Europe is the part of the world that is most dependent on fish imports. This situation is due in part to the drastic cuts in local sea fish quotas and the collapse of fish stocks, which have also been observed in Sweden. The increased level of imports may have several consequences: low supply and high prices lead to a decrease in consumption, which in turn results in public-health problems as fish forms part of a healthy diet.
The fact that we make use of fish stocks in other parts of the world also contributes to over-exploitation, as well as to multinational fisheries enterprises dislodging local fishing industries. The EU, for example, has bought substantial fishing rights along the coast of Africa. Imports also lead to long-haul transport and make quality control more difficult.
At the same time, there has not been great support for the idea of making up for reduced fishing by developing Swedish fish farming. In its latest research bill, however, the Swedish Government stresses “increased knowledge for the development of aquaculture” as a high-priority area of research.
The EU has also announced research funds to improve the competitiveness of the European fish-farming industry. One consequence of this is the launch of the EU project LIFECYCLE, which is directed by Professor Thrandur Björnsson and his research team at the Department of Zoology of the University of Gothenburg.
The purpose of LIFECYCLE is to enhance knowledge of the physiology of fish so that the problems that arise in relation to the life processes of farmed fish can be tackled. Examples of such problems are disruption during larval development and growth, in metamorphosis and puberty, in immunological defence and in adaptations to the environment. Through new research, the project is intended to enhance biological knowledge of these life processes, identify answers to practical problems and improve the fish-farming process, in terms of both ethics and quality.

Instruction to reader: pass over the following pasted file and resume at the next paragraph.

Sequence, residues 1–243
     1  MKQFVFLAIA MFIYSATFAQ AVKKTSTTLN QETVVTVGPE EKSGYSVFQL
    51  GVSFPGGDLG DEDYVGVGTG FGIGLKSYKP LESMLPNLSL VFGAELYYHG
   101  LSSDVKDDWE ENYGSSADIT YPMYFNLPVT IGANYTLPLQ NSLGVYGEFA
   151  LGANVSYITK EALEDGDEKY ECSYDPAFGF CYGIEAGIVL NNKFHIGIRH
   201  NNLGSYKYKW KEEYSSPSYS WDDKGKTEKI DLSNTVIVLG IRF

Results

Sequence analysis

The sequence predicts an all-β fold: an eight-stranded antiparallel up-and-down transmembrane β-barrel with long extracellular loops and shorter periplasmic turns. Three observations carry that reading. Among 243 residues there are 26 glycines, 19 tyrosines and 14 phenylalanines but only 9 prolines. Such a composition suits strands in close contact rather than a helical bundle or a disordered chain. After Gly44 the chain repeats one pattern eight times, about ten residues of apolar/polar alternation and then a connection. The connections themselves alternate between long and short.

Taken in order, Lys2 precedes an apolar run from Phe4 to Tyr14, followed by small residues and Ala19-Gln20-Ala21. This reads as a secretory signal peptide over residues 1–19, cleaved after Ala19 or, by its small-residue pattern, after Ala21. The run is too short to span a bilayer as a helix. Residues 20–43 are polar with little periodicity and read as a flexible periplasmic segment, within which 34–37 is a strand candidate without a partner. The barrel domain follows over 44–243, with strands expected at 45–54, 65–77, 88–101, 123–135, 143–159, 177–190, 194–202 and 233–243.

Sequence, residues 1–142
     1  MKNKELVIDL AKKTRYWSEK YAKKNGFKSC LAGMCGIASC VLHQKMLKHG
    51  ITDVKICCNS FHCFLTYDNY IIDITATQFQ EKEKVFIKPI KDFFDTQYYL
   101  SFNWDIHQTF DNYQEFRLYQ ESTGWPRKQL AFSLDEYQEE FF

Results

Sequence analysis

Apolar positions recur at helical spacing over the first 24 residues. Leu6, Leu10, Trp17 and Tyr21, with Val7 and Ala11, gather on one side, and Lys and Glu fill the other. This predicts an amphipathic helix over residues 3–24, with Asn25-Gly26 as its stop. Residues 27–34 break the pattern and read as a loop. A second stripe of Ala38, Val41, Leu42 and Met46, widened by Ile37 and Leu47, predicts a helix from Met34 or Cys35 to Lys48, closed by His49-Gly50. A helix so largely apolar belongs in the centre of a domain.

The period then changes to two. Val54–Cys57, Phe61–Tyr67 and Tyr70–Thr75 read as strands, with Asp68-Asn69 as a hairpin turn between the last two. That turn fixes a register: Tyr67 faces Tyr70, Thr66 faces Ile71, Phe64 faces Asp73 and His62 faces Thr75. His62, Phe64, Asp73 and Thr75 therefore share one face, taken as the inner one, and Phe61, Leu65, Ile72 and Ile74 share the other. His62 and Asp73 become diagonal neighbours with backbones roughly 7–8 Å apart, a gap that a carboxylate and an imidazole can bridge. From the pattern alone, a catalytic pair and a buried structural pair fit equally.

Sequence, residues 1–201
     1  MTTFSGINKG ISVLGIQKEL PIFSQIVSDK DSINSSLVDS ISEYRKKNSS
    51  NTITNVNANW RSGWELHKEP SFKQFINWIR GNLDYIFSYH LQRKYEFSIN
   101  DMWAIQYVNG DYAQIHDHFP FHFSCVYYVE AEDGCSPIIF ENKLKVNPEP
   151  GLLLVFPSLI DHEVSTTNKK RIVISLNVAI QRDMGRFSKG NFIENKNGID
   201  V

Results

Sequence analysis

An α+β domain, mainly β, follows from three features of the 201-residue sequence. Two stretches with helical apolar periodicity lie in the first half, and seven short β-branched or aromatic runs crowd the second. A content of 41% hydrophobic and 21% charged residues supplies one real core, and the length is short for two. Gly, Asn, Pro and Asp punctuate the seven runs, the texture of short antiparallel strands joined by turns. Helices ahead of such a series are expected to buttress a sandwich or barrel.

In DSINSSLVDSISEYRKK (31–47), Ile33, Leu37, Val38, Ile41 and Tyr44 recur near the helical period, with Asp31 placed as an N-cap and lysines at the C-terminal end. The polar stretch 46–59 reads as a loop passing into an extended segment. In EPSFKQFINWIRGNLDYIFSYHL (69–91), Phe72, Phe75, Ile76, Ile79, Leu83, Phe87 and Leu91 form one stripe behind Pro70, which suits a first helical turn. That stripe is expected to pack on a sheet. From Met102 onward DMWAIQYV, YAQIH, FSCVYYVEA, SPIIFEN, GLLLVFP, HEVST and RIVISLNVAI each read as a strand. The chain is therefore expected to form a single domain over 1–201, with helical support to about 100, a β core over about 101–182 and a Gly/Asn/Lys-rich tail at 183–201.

A total sum of SEK 130 million is being invested in the project. The EU is contributing around SEK 64 million, around ten million of which will be used at the University of Gothenburg for research on growth and development physiology, intestinal physiology, the adaptation of fish to different environments and hormonal regulation of different life processes.
”In this project we will be primarily conducting research on the four most important farmed species in Europe, Atlantic salmon, rainbow trout, sea bream and European sea bass, but also on species such as cod and halibut,” says Björnsson.
Fourteen research teams from nine countries are taking part in the four-year EU project which started on 1 February 2009. In the spring, researchers involved in the project will meet in Gothenburg for detailed planning of the cooperation and large-scale trials.